Second, I don’t think she will have the authority to make the final call over IFRS. IFRS adoption is an international political issue, and U.S. adoption will be negotiated at the international state level. It is very possible that the U.S. could bargain away GAAP in order to gain European help to relieve our troops in the Middle East. Under this scenario, investor protection in the U.S. simply is irrelevant. National security is the key, and with Obama promising to run up trillion dollar deficits, he will want to save money by bringing home the troops. Plus, one additional factor.
Third, as I’ve written before, Obama is relying on economists, such as Paul Volcker, for guidance on regulation-related matters, such as accounting standards. Volcker has been a member of the IASC parent organization for the IASB. He has been strongly in favor of the U.S. switching to IFRS, for a long time. He will do everything possible to bring about IFRS in the U.S. Of course Volcker is out of his depth here, having no background in accounting or finance, and really does not understand the nuances of the issue. But that isn’t going to stop him.
However, there is no use in saying the sky is falling. I’m going to take Mary Schapiro at her word and proceed as if the GAAP-IFRS issue is still open. I have a few comments about her specific words.
First, she says, “I think we all can agree that a single set of accounting standards used around the world would be a very beneficial thing, would investors to compare companies around the world.” Well, we can’t, because I don’t, nor do others. One need only to read Shyam Sunder’s work to realize international differences in accounting standards are good. Countries have different interests, and it is simply ignorant thinking to presume that a single set of standards can satisfy the very different interests that are out there. For example, the U.S. places a high priority on protecting the investor, and this is reflected in the great amount of detail in our rules. However, not everyone agrees to that priority. Nor should they. Different priorities and national interests will lead naturally to different accounting standards. This is fundamental and we cannot trust Mary Schapiro to protect U.S. GAAP until she acknowledges it. No matter what else she says, if she doesn’t get this point then she her thinking is compatible with Paul Volcker, the IFRS champion.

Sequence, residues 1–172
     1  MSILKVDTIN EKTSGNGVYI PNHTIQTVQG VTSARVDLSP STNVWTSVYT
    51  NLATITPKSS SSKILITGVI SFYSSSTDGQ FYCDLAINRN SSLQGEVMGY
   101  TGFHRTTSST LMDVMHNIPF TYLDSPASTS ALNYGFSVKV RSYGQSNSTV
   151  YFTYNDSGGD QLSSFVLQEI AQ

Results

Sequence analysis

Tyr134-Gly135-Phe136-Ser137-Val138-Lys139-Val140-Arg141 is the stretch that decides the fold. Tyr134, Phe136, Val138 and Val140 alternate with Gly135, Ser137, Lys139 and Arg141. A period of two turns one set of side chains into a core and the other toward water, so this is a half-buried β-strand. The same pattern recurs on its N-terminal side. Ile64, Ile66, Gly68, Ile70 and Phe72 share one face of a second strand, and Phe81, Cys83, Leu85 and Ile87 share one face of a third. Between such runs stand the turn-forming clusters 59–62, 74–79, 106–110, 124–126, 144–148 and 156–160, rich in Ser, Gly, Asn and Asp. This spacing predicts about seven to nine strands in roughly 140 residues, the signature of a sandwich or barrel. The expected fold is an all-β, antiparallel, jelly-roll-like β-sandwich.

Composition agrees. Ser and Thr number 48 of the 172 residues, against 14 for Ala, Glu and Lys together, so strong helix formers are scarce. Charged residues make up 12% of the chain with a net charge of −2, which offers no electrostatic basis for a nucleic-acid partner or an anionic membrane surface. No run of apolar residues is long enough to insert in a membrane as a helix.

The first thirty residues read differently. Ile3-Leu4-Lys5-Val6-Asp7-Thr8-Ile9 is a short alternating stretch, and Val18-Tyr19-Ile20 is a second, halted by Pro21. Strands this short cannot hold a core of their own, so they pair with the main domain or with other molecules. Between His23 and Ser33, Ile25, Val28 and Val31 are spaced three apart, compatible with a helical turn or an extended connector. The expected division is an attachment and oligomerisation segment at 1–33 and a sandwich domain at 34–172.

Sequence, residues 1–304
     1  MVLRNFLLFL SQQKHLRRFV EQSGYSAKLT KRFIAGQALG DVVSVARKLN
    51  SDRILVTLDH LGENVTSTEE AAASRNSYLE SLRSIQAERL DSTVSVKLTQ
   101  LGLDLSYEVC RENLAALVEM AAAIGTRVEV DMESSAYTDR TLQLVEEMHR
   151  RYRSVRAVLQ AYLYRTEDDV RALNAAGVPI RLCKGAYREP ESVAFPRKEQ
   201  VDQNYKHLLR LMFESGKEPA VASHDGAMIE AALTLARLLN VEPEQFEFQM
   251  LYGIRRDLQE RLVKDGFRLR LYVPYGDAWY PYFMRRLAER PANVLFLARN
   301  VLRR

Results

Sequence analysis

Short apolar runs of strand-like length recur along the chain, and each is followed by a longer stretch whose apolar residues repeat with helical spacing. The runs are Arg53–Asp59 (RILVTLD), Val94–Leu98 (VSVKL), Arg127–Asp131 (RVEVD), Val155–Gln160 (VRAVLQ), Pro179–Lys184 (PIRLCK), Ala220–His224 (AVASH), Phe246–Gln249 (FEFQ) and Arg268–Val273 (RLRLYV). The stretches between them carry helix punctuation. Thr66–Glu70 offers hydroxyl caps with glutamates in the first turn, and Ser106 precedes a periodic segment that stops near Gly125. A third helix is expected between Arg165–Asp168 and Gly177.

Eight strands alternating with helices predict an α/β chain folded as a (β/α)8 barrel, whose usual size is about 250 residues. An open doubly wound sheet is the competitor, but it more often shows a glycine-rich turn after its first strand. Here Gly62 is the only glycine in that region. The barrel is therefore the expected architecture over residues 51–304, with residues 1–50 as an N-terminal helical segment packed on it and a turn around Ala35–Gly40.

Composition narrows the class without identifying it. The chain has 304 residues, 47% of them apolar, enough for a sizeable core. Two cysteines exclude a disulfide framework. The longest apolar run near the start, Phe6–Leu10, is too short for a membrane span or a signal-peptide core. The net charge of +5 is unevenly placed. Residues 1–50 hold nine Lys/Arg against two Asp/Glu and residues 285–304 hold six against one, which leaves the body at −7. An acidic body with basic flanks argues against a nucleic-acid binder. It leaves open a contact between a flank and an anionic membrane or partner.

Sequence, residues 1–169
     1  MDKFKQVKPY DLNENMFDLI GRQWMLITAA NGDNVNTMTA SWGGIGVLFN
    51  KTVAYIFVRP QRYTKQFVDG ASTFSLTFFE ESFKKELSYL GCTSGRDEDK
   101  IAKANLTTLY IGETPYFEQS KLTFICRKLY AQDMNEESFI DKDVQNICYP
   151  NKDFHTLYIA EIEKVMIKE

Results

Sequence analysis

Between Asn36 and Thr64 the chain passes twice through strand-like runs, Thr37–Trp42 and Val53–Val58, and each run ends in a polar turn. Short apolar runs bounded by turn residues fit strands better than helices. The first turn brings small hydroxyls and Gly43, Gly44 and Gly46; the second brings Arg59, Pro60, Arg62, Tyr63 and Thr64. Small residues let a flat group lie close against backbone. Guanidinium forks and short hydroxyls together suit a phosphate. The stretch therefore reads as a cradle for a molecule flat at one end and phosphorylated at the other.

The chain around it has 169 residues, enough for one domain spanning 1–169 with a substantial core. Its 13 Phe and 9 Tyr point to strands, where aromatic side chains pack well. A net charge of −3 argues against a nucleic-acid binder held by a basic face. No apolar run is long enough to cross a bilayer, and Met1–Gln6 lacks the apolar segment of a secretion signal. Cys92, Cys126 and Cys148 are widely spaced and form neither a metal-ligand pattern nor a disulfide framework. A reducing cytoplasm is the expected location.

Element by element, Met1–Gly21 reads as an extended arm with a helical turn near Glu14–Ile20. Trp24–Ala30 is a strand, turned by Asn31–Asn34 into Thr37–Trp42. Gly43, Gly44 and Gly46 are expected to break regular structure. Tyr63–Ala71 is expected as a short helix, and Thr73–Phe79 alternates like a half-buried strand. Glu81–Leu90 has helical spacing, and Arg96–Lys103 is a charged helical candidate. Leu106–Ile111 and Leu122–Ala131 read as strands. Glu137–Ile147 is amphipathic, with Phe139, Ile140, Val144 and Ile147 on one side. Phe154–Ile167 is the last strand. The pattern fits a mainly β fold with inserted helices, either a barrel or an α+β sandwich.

Second, her additional comments sound pretty good. She seems to be well read. Don’t know if she’s only read Charley Niemeier, or whether she’s read the other six critics of IFRS. But at least she has comprehended some of the arguments. Never-the-less, everything here must be interpreted in the context that she believes a single set of world-wide accounting standards would be beneficial and is attainable. As I said before, it is not necessarily beneficial, and I’ve argued for a long time that it is unattainable. For her to continue down this road is simply wasted thinking.
Third, she expresses a desire for the SEC to have oversight with respect to the IASB accounting standard generating process. Well honey, every other country in the world is going to want to have the same oversight desires. It seems clear that you want some control over the process, but everyone else wants that also. Why, Europe has already exerted that control with respect to forcing certain changes to the fair value standard. Let’s get this straight–the SEC will never, ever, get the degree of oversight it desires with respect to IFRS. I believe that this should be sufficient to bury the IFRS issue forever. I don’t even know why you are going to spend time on it.
I’m still going to submit a comment to the SEC on Cox’s proposed road map. And I’m going to continue to write about the benefits for the U.S. to retain GAAP. If it weren’t for international politics, it would be a no brainer.
Debit and credit – – Dave Albrecht